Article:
Published Monthly

The West Wall
by Charis Himeda

The Day Room would have been the perfect escape hatch if there hadn’t been something wrong with the west wall.

Well, maybe perfect was a bit of an overstatement; after all, it was in a basement (wonderful spot for a “day room”) and the walls were pink, but you learned to lower your standards in a place like this. The important thing was the television – a small Samsung in the corner – and the related fact that this was the only place where he could forget about his daughter and what she had done to him.

Eugene glanced at the room’s only other occupant – Mrs. Haverford, a small, shriveled husk, dull-eyed and slack-jawed like so many of them – then turned back to Tiger Woods on the ninth hole. Tiger had gotten par and two birdies before Eugene saw it again – something moving, shifting, in the periphery of his vision, something by the west wall. He turned to stare at it, but knew he wouldn’t see anything. There was just the wall, painted an innocuous shade of pink, and a painting of some vile-looking flowers – orange and droopy, with petals that looked like ragged hair. He stared at the wall for a full two minutes while the familiar fear gnawed at him. It’s the tumor, he thought. I’m losing my marbles. Maybe a snack would help. It was harder to see crazy things on a full stomach.

Eugene grabbed his cane and started up the stairs, slowly and with some difficulty. He was one of the few here who still retained that basic ability, and damned if he wasn’t going to hang onto it – and his rational mind – as long as he could. The other inmates (the pansy-mouthed folk who ran this joint could call them “patients” if they wanted; to him, they were all inmates) – most of them seemed to have given up on life. He didn’t pity them much, but he didn’t blame them either. He scorned their weakness, but the truth was, there wasn’t anything in here to live for. Unless eating grade D beef and canned pineapple chunks, sleeping, shitting, and staring at the television made life worthwhile.

He hobbled into the refectory and looked to see if anyone was around. The Home’s official policy was no meals in between meals, but he had found an easy way around that. The kitchen help took their afternoon break at 2:30, and right now they were all smoking and lounging about on the second-floor deck. None of the inmates (present company excluded) had the wits or the appetite to scrounge for food, so there was no need for anyone to keep an eye on the place. He took a peek in the fridge to see what was on the menu for tonight (some anonymous piece of meat – stray dog, for all he knew), then grabbed a package of Saltines from a cupboard. He froze momentarily at the sound of footsteps in the hall, but they were too slow and halting to mean trouble. Even so, he waited until they had receded before making his way to the employee fridge and relieving it of two bottles of Budweiser. His booty stashed in the deep pockets of his pants, he began the trek back to his room.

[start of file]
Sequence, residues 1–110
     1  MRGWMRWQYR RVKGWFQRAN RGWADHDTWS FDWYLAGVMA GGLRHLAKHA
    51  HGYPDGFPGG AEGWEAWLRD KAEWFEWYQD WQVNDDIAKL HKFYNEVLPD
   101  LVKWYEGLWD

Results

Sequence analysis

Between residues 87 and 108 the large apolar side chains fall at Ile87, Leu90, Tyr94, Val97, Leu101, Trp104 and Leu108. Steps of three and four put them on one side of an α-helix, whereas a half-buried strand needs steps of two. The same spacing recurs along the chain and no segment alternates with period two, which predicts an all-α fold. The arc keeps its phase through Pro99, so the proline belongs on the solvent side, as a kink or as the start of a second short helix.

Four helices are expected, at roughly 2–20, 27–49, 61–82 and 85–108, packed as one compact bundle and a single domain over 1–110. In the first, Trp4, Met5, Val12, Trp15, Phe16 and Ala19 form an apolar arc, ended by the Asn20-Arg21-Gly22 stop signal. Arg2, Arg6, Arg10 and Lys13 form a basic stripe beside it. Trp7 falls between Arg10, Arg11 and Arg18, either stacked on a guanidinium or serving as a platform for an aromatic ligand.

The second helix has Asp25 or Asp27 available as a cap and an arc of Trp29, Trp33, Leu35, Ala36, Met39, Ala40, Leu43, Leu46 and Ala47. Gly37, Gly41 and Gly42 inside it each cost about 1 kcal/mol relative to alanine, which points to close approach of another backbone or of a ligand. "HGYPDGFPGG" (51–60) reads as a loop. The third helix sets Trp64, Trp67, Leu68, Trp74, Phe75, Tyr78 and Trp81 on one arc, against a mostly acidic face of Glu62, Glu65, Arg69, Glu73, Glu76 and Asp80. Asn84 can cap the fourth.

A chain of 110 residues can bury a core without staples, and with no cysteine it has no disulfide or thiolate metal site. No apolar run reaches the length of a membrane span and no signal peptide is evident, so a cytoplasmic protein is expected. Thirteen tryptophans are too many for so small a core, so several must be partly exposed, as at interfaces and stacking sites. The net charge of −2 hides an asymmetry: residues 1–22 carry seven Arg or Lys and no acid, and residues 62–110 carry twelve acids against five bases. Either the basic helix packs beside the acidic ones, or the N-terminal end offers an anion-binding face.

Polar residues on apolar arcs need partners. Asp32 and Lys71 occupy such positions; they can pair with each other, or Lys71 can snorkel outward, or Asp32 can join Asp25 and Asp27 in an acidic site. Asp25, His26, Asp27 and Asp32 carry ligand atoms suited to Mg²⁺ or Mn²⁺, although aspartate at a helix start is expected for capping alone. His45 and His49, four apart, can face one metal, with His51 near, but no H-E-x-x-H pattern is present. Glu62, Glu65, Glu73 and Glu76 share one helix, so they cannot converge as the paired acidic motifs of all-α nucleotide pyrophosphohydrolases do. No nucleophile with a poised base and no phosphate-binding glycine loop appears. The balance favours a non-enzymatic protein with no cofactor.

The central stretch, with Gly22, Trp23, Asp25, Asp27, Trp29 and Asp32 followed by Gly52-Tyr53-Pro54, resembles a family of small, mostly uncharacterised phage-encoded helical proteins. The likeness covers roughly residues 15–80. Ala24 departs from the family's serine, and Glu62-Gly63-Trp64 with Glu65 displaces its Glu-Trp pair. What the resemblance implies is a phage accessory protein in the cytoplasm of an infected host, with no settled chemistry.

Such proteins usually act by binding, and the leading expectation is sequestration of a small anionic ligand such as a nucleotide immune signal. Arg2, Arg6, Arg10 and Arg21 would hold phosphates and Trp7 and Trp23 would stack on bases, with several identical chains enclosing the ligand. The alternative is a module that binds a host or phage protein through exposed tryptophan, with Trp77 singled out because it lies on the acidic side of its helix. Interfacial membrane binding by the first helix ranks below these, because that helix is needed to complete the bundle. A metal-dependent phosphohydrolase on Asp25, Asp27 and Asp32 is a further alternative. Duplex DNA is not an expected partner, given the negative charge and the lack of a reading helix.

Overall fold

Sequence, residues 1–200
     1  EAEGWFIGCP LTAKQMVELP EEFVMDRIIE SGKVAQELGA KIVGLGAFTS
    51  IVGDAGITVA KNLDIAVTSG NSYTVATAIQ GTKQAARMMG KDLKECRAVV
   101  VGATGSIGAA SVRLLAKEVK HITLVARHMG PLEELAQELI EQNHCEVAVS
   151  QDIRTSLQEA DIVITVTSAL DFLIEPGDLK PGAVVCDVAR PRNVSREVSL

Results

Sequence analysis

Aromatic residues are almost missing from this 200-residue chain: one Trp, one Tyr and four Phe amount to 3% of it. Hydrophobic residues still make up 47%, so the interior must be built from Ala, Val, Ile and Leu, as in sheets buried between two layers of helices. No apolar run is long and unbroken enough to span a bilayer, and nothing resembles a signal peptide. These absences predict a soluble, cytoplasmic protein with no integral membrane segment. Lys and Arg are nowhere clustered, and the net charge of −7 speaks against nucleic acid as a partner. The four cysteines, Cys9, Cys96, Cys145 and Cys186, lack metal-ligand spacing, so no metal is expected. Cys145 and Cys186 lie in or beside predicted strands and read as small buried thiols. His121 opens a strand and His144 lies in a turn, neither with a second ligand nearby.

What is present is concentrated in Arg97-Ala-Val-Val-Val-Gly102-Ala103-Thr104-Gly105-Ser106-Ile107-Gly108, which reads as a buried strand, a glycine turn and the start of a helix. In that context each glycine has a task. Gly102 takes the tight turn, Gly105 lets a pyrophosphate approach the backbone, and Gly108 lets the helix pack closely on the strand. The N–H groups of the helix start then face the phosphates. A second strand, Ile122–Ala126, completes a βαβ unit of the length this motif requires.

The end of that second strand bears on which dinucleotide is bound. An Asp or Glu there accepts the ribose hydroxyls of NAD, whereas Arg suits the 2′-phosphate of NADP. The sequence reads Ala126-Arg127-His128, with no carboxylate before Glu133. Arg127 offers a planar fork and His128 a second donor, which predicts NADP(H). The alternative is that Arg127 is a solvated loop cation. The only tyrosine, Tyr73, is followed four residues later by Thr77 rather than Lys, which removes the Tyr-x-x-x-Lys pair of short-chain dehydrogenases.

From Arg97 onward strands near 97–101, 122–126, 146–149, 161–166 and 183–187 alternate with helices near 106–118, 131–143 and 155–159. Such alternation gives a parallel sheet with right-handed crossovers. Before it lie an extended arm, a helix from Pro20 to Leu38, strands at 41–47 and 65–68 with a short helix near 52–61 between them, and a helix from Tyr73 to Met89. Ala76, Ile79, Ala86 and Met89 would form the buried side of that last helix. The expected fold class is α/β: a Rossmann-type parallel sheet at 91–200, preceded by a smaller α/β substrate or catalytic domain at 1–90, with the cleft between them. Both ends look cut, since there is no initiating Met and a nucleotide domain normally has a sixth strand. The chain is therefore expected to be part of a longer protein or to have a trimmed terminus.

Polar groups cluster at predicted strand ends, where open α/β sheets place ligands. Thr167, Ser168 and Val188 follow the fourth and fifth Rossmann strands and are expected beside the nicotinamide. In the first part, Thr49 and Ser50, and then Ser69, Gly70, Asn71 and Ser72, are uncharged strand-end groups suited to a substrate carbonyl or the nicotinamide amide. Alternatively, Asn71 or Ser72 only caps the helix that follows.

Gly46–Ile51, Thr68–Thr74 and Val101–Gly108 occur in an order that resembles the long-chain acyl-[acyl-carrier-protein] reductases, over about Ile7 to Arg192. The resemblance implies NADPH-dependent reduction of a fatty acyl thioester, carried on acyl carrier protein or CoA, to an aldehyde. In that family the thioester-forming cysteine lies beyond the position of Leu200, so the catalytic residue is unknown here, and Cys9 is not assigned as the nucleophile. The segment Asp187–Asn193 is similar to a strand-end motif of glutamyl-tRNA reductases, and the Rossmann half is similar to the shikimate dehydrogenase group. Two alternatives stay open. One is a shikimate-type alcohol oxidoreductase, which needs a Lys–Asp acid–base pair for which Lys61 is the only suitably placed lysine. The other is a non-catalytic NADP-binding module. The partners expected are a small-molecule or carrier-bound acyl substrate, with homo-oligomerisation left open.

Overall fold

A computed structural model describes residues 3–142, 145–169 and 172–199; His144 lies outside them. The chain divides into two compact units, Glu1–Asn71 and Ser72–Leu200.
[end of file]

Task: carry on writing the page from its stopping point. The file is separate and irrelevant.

But being in his room always made him think of Janine. Not too surprising, really… it was the last place he’d seen her. After she and her asshole boyfriend had dragged him here and signed the papers, after they’d praised his white-walled cell (with the window overlooking a dumpster) like it was a suite at the Fairmont, she’d had the gall to promise she’d visit. He’d been expecting another speech of the reassuring variety, but she had nothing left to say. They’d only been in the Home for thirty minutes before she’d given him a quick farewell hug and the two of them had exited stage right in the blink of an eye.

That had been over a year ago, and she had sent him a card at Christmas – one of those that come in the buy-two-get-one-free packs at the drugstore. No message, no nothing – just her signature at the bottom, under the manufacturer’s Wishing you the best this Holiday Season. He had wanted to rip it up and toss the shreds out the window, but instead he had slid it into the top drawer of his dresser, next to his socks. It was pure weakness on his part, and he was ashamed of himself for it.

He could feel a headache coming on, and he sat down with a sigh. What was feasting on his brain would eat its way out sooner or later, but maybe he’d be lucky enough to keep his sanity until the coma took him. With this encouraging thought, he opened the package of Saltines and popped the cap on the first beer, glancing furtively at the walls. He’d never seen anything strange in here, had he? Or anywhere else in the Home, for that matter… only in the Day Room.

But isn’t that where you spend most of your time? asked a voice in his head. The voice was cold and slick. Hearing it always made him think of a salamander under a rock. He ignored it, chewing mechanically, washing the salty mush down with a swig of beer.

When did you first start seeing things, anyway? continued the voice in a conversational tone. Wasn’t it just a few weeks ago?... And you didn’t see them very often, did you?

No, he’d only seen them… once or twice a day.

I bet you only saw them once or twice a day, the voice estimated smugly. But now… now you can hardly get through an episode of Jerry Springer anymore!

He noticed the hand holding the bottle was shaking; he put the beer down on the window sill.